Understanding what is REALLY going on while having a panic attack is half the battle when it comes to the cure. The problem with a panic attack is not the physical symptoms but the fact that one becomes scared of the physical symptoms. As I have stated already, the symptoms of a panic attack are unpleasant but not harmful, your amygdala is trying to protect you, not harm you.
Your amygdala sees a perceived threat, fires adrenalin to get you ready to fight or flight. You feel the discharge of adrenalin in your stomach from the adrenal glands that sit at the top of your kidneys, your breathing and heart rate speeds up, you start sweating to cool you down when fighting or fleeing, you might feel dizzy from the increased intake of oxygen.
You have taken in a lot of oxygen to do the fighting or fleeing but the problem is that you have not used it up by fighting or fleeing, so there is now excessive oxygen in your lungs and the ratio of oxygen to CO2 in out of proportion.
The primitive mind then has to react to this by closing the airways (you feel your throat tightening) to prevent a further intake of oxygen until the excessive oxygen is burned up. This is what really scares most people is the belief that they are going to smoother.
Nothing could be further from the truth when you need more oxygen the mind will get you breathing again. (Have you ever tried to hold your breath as long as possible in the past, what happened? You were forced to start breathing again – you can really trust your primitive mind to look after your oxygen needs).
You can now understand why people used to breath into paper bags during a panic attack. They were simply recycling the air in the lungs so that no new oxygen was being breathed in. However, you don't need to do that – just let the system regulate itself. The best thing to do during a panic attack is DO NOTHING, just let it do its own thing.
You are often given the advice to breath more deeply during a panic attack, you don't need more oxygen, you have TOO MUCH already. In fact, the best advice is to breathe out the air with excessive oxygen and then breath the air the correct oxygen to Co2 ratio. However, there is no need to do anything. Taking any action is only causing you to panic about the panic, and that is the last thing you need.
You rationally know that there is no external threat as you experience the unpleasant feelings so you stay put. This staying put is actually working against what you should be doing according to your primitive mind, that is taking action of fighting or fleeing. So, you are actually going against your instinct by not fighting or fleeing.
The energy of the adrenalin release isn't discharged by fight or fleeing, so it has to discharge inside your body, this is what causes the powerful physical symptoms. You now realise that you had been scared of adrenalin in your body. Why should be scared any more adrenalin, knowledge sets you free?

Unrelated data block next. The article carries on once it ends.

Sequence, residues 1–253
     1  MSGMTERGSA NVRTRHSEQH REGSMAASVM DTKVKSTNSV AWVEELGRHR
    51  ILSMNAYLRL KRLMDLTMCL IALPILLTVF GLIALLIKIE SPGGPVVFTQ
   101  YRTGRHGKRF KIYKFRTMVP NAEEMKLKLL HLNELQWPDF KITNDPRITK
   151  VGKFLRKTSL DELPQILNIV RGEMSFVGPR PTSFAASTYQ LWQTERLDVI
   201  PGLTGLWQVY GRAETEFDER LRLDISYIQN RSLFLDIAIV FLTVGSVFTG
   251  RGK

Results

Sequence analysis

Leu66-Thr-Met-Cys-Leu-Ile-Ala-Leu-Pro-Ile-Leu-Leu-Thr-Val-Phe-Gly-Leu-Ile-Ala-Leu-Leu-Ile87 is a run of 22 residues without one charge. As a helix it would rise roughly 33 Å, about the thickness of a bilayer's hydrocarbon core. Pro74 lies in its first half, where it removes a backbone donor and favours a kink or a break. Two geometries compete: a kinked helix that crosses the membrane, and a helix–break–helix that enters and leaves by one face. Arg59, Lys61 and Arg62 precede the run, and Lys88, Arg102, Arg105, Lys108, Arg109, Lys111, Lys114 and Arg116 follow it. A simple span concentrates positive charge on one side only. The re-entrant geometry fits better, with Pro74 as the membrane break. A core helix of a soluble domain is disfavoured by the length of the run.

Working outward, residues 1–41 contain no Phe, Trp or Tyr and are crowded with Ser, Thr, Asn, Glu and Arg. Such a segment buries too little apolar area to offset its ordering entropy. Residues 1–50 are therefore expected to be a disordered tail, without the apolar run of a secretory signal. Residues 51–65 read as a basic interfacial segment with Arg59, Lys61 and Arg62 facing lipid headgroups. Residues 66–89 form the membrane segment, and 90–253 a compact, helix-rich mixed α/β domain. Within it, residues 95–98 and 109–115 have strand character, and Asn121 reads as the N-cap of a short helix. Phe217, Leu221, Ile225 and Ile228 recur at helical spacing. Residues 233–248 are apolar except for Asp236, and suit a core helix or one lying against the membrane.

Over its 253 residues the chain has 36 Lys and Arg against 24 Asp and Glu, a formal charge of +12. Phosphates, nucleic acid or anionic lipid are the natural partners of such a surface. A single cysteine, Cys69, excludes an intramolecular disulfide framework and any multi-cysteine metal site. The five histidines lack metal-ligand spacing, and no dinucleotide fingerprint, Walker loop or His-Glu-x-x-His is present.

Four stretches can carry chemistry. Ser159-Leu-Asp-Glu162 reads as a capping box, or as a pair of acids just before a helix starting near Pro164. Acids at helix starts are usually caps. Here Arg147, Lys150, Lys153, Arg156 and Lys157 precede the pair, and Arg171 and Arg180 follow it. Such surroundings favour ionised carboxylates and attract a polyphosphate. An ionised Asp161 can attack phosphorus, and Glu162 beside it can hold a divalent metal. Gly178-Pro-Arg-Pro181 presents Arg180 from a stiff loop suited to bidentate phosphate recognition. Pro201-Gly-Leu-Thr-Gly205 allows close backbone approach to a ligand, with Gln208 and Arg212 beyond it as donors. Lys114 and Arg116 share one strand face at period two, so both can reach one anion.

Think of the initial trigger that scares the amygdala as throwing a pebble into the water in a pond, the ripples are like the discharging of adrenalin in your body. The ripples of water from the pebble in the pond decreases until it reaches the bank. However, if you start thinking scary thoughts, it is like throwing more stones into the pond that keeps the water disturbed for longer and makes the ripples larger.
What first scares the amygdala is often termed as the initial or primary fear. They are unthinking, instinctive responses that we have. The response or secondary fear is the way we feel about the primary fear. This is usually the problem with “anxiety”.
However, the primary fear is not always an inherited reaction to a stimulus. The primary fear can be a learned fear and we can also retrain an instinctive primary fear through new understanding. The following paragraph is a good example of this.
Think of a primitive man when he heard thunder and lightning, he ran for his life into the cave. He was scared of it because he didn't understand it. Thunder and lightning have not changed over the years but our understanding of it has changed and so has our behaviour. Thankfully, people no longer do a runner into a building when we hear thunder and see lightning. When you understand primary panic, your behaviour also changes.
Many primary fears are learned from experience, we can become conditioned to fear a situation. For instance, most people don't fear dogs but if you were attacked by a dog you could develop a primary fear of the presence of a dog – not just the dog that attacked you.
The amygdala develops a generalisation when threatened. So, in the case mentioned the person may not just develop a fear of the particular dog that bit you but ALL dogs.
This generalisation is important when it comes to our experiences with other people. This is significant is social anxiety. If you were hurt by one person, you may develop a fear of people in general (unless, you have developed a sense of safety around them – your family for example).
If you were shamed or punished for making mistakes when you were young, you may now fear to make a MISTAKE as an adult. The IMPRESSION you make becomes highly significant for you.